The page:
In the Graph Editor, turn on the View/Infinity and check Curves/Post Infinity/Cycle or Cycle with Offset. To turn off you can choose Constant instead of Cycle.
Import Sound (Animation > Animation Basics > [Add audio to your animation](http://help.autodesk.com/view/MAYAUL/2016/ENU//?guid=GUID-9D69DD33-CAEB-4FB9-9559-67984E9ABC2A))
To load an audio file into your scene, do one of the following:
1. Select File / Import. A file browser lets you select the name of the sound file(s) to import.
2. Drag the file(s) from a file browser into one of the Maya modeling views, or onto the Time Slider.
3. You can open the attribute editor of the sound from the time slide.
## Trax Editor (Window / Animation Editors / Trax Editor)
You can import, export, copy, and paste animation clips and arrange them in a window to do nonlinear animation.
This view is analogous to video-editing software; layers of clips can be arranged as well, and the resulting animation will be added together.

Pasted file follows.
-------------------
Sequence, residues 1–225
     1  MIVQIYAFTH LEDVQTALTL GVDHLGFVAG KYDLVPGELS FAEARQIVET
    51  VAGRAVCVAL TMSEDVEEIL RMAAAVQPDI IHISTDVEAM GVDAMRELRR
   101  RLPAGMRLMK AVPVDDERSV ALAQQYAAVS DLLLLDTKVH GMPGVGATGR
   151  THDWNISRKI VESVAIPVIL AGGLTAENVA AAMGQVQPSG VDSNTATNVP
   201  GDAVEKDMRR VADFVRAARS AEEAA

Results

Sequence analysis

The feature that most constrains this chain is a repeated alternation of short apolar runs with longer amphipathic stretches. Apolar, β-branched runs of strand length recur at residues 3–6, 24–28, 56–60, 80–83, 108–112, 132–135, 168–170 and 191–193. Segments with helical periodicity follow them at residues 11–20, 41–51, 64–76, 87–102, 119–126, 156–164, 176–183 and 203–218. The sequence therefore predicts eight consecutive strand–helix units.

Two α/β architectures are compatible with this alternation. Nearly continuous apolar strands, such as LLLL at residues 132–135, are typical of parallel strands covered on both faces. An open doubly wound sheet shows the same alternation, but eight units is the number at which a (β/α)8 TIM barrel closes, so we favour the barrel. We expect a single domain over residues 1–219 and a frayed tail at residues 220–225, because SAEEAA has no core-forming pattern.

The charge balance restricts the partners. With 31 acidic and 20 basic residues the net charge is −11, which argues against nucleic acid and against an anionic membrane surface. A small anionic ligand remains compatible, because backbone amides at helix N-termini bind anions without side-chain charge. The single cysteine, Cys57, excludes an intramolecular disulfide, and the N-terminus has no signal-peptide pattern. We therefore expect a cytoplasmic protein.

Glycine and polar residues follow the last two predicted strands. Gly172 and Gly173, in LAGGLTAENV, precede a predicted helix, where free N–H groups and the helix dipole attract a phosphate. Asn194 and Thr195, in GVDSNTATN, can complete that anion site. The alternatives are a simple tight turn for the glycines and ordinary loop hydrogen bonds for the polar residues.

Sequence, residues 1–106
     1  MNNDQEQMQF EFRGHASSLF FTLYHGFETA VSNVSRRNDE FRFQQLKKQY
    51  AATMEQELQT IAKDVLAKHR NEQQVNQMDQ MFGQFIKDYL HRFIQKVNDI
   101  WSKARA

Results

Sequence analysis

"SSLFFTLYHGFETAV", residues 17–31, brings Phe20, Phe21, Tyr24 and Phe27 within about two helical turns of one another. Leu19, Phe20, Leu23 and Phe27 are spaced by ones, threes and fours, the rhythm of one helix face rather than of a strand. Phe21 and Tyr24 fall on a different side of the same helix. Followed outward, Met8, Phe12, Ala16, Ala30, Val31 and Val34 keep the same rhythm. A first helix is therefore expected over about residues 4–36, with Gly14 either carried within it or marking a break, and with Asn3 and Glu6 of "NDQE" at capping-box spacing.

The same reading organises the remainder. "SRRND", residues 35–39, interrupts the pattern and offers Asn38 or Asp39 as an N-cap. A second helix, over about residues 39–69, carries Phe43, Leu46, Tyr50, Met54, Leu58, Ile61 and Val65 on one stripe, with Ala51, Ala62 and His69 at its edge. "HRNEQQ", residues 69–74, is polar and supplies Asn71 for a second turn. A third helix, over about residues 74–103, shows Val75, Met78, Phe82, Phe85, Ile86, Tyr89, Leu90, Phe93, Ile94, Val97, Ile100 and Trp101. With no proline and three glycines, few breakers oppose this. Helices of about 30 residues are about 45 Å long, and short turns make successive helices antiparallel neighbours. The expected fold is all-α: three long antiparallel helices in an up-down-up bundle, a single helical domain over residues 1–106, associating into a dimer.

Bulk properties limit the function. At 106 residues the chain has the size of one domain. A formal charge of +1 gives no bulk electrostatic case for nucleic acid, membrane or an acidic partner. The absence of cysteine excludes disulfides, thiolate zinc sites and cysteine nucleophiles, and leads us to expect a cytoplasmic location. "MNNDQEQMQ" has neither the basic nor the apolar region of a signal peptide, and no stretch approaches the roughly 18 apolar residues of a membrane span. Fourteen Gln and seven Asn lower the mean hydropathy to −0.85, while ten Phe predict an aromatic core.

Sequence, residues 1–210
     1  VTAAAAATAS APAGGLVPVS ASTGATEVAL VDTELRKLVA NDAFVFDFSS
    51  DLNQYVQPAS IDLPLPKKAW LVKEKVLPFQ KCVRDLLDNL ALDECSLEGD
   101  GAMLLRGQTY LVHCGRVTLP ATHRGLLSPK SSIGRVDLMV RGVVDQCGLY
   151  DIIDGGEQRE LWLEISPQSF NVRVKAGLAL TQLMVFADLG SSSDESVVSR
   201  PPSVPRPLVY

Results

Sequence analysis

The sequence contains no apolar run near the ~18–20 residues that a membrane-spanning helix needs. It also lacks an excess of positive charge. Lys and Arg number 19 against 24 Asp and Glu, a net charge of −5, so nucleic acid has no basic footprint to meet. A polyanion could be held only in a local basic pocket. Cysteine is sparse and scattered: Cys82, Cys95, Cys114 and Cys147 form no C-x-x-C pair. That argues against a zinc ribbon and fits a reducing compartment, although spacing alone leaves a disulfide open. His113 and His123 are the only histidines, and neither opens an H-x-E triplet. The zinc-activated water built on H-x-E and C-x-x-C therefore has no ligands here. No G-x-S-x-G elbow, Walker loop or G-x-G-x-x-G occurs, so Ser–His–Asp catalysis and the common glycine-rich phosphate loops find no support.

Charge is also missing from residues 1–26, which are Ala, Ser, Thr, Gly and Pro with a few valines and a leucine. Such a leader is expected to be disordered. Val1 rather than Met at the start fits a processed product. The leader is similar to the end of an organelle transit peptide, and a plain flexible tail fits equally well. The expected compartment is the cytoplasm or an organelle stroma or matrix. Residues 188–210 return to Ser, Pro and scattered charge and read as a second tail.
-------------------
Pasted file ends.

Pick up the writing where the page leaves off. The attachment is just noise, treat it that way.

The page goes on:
### Animation / Visualize
- [Maya help: Visualize menu](http://help.autodesk.com/view/MAYAUL/2016/ENU/?guid=GUID-8363B4BF-6BD6-4385-ABCD-6293DBDB1B2E)
- Create Turntable
- You can add a turntable camera named turntableCamera to your scene. This camera generates a turntable animation.
- [Turntable animation](http://help.autodesk.com/view/MAYAUL/2016/ENU/?guid=GUID-F5171AFE-7B64-44F8-80A8-D7D2253E31D6)
- Create Editable Motion Trail
- Creates a motion trail for the current object.
- Select Visualize > Ghost Selected > to set the Ghost Selected Options.
- Create Animation Snapshot
- Create Animated Sweep
## Adding sun and sky to your scene
- [Maya help: physical sun and sky](https://knowledge.autodesk.com/support/maya/learn-explore/caas/CloudHelp/cloudhelp/2016/ENU/Maya/files/GUID-DBE14B41-02D8-4B23-A525-1FD0FAEB5F82-htm.html)
- If you use Maya 2017, check out the Arnold for Maya user guide about [Physical Sun](https://support.solidangle.com/display/AFMUG/Physical+Sky) from SolidAngle.